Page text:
W Bruce Cameron:
Every once in a while I leave open the kitchen-cabinet door that accesses the trash can, which my dog interprets to mean, “Please help yourself to the buffet!”
When I come home, trash is strewn all over the house, like in the movies when the bad guys tear everything up searching for stolen microfilm – although in the movies they rarely take the time to lick every piece of paper.When I see the mess, I rant and yell and stomp my feet while my dog watches quizzically, unable to fathom what’s gotten into me. This is the pattern at our house, where I am the master, responsible for issuing orders, and my dog is the pet, responsible for ignoring them. I honestly think he doesn’t understand why I would be mad that he made himself lunch. It’s not that he doesn’t care – he’s very concerned for me when I become so agitated. He simply lacks the mental capacity to associate the trash on the floor with my foul mood.
Over time, though, I’ve managed to teach my dog a few tricks. For example, I can get him to sit with this simple command: “Sit, Luke, sit! Sit! Sit! Luke, sit! Sit! Come on, sit! Stop barking. Sit! Sit! You can do it, boy, sit! Sit! Sit! Sit! Luke, sit. Sit. OK, look. See? No, let me push your butt down. See? Sit! Good boy! Stop licking me.”
With the single spoken word come I’ve taught Luke to (a) gallop off at high speed and (b) return several hours later smelling of old roadkill.
The word walk, spoken like a question, tells Luke to bark, shake, slobber, jump up and down, run to the door and scratch it, whine, tremble, tear around in tight circles in the house, and chase his tail. As long as I say the word with the raised inflection, he’ll also do this trick for words like balk, talk, wall and Chicago.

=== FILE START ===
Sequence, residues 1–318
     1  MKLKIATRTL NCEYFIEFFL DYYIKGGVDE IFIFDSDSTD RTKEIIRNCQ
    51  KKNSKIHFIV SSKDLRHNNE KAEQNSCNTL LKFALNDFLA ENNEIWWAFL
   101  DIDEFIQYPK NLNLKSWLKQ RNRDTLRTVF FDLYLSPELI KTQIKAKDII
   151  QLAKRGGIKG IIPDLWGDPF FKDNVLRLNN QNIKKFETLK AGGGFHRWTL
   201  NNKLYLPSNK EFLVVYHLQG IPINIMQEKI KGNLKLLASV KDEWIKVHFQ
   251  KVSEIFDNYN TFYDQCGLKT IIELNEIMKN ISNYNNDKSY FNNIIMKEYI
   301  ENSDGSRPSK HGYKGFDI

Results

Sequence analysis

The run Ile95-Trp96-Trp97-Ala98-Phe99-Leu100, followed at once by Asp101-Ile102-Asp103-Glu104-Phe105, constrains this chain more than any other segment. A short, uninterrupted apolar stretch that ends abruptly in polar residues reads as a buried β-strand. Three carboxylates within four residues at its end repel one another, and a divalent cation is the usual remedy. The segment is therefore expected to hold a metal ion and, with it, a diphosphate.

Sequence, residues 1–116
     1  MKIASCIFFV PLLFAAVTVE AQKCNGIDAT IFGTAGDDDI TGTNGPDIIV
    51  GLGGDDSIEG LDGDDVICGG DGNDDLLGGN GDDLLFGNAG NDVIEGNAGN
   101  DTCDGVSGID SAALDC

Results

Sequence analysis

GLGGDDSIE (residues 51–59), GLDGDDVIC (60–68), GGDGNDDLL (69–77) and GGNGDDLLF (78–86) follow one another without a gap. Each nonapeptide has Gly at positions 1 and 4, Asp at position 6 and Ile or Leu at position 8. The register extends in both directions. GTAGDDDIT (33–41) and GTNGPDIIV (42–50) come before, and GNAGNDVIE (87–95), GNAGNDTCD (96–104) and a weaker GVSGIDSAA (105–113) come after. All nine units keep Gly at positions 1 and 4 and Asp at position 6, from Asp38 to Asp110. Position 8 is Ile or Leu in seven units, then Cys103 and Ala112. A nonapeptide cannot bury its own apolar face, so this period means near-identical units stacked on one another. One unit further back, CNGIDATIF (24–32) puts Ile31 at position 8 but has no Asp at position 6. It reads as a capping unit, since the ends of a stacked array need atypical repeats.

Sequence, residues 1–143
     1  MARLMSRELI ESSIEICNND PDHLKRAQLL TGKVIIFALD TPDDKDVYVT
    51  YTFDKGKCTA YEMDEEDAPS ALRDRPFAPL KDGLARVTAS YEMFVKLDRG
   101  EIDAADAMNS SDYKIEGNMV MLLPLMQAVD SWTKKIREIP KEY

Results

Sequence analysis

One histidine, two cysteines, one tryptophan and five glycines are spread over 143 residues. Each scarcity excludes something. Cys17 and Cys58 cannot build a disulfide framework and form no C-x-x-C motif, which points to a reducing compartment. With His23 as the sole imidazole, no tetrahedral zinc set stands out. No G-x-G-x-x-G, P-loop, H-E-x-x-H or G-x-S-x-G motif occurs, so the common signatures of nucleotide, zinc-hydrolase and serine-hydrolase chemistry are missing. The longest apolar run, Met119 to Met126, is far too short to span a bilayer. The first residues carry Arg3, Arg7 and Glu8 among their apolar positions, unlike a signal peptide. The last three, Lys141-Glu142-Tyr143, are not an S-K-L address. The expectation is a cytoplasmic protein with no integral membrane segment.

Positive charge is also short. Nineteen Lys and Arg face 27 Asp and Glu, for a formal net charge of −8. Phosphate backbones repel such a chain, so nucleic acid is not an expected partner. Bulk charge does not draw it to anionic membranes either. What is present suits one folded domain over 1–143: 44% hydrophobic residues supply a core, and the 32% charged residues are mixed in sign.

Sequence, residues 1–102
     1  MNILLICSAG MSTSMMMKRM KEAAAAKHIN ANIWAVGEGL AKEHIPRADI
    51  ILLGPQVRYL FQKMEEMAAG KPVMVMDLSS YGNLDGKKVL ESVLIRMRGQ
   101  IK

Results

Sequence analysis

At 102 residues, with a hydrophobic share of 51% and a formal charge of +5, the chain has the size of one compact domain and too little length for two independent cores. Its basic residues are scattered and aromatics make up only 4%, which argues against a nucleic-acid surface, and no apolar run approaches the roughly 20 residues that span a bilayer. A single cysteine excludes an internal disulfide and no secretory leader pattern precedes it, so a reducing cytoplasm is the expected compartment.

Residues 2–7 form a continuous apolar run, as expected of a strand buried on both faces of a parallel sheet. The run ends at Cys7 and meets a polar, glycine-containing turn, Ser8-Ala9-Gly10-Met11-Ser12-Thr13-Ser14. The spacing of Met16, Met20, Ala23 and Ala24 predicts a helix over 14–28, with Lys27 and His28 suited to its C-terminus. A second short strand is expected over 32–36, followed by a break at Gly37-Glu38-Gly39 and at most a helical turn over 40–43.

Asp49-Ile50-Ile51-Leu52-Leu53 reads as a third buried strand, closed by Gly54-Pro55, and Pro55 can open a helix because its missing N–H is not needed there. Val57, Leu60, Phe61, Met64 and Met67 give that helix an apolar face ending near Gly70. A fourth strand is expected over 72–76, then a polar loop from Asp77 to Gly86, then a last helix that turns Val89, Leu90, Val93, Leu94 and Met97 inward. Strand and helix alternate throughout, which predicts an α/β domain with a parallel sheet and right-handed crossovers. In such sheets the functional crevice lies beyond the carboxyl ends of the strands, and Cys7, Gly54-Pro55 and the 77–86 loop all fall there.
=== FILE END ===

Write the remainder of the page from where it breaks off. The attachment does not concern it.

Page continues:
I read in a dog manual that the proper way to teach a dog to fetch is to have him sit patiently while you throw the object, and then energetically shout his name and point in the direction he is to go.
The first time I tried this, Luke and I had the following conversation (though his end was communicated entirely through facial expressions).
Me: The ball! Luke! Luke! Get the ball!
Luke: You want me to go get the ball.
Me: Luke! Fetch!
Luke: Seems to me you had the ball, and then you threw it into the woods.
Me: Luke! Get the ball, Luke!
Luke: You’re acting a little crazy, here. I’m going to go urinate on some bushes. I suggest you do the same.
Exasperated, I went to get the ball, brought it back, and tried it again, this time using a whistle. After an hour or so, I got so I could throw the ball and retrieve it without fail. Luke didn’t seem especially impressed, though when I blew the whistle, he reacted with amazement. Every single time.
My favorite command is “give kitty a kiss,” which my daughter somehow managed to train the dog to do in a single afternoon. Whenever I utter these words, Luke’s ears flatten as if he’s being whipped. He shoots a hunted look at the cat, whose eyes dilate.
“Go on, give kitty a kiss!” I urge.
The cat hisses. Luke pleads with me to rescind my command, but I merely grin. Moving as if pulling a loaded dog sled, Luke approaches the cat, who regards him with a “this can’t be happening” expression. His tongue tentatively comes out, and the cat holds perfectly still, unable to believe Luke is seriously planning to touch her with it.
The expression on the cat’s face while it’s being licked is of such pure disgust that I always fall to the floor in helpless laughter. Luke, of course, comes over to give me a kiss as well, which the cat watches with smug satisfaction.
I don’t mind, though. It’s the only trick Luke knows.
Write to Bruce at [email protected]